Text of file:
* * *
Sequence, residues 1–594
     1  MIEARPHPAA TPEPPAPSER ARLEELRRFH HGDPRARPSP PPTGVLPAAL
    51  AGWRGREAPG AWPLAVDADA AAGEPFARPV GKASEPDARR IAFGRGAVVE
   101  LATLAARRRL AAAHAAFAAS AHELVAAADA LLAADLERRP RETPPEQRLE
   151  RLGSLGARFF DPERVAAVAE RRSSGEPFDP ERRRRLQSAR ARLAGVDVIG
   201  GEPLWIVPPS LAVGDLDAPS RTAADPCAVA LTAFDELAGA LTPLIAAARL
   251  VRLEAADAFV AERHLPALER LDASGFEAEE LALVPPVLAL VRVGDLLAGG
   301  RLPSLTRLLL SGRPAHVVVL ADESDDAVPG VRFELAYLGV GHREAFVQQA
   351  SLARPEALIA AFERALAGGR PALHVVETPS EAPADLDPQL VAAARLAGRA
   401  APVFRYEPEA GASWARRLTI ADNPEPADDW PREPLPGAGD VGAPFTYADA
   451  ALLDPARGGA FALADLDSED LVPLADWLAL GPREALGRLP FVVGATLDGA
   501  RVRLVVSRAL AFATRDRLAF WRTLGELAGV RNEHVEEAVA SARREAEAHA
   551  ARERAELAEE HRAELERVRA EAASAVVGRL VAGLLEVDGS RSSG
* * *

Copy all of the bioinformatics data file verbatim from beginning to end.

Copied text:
Sequence, residues 1–594
     1  MIEARPHPAA TPEPPAPSER ARLEELRRFH HGDPRARPSP PPTGVLPAAL
    51  AGWRGREAPG AWPLAVDADA AAGEPFARPV GKASEPDARR IAFGRGAVVE
   101  LATLAARRRL AAAHAAFAAS AHELVAAADA LLAADLERRP RETPPEQRLE
   151  RLGSLGARFF DPERVAAVAE RRSSGEPFDP ERRRRLQSAR ARLAGVDVIG
   201  GEPLWIVPPS LAVGDLDAPS RTAADPCAVA LTAFDELAGA LTPLIAAARL
   251  VRLEAADAFV AERHLPALER LDASGFEAEE LALVPPVLAL VRVGDLLAGG
   301  RLPSLTRLLL SGRPAHVVVL ADESDDAVPG VRFELAYLGV GHREAFVQQA
   351  SLARPEALIA AFERALAGGR PALHVVETPS EAPADLDPQL VAAARLAGRA
   401  APVFRYEPEA GASWARRLTI ADNPEPADDW PREPLPGAGD VGAPFTYADA
   451  ALLDPARGGA FALADLDSED LVPLADWLAL GPREALGRLP FVVGATLDGA
   501  RVRLVVSRAL AFATRDRLAF WRTLGELAGV RNEHVEEAVA SARREAEAHA
   551  ARERAELAEE HRAELERVRA EAASAVVGRL VAGLLEVDGS RSSG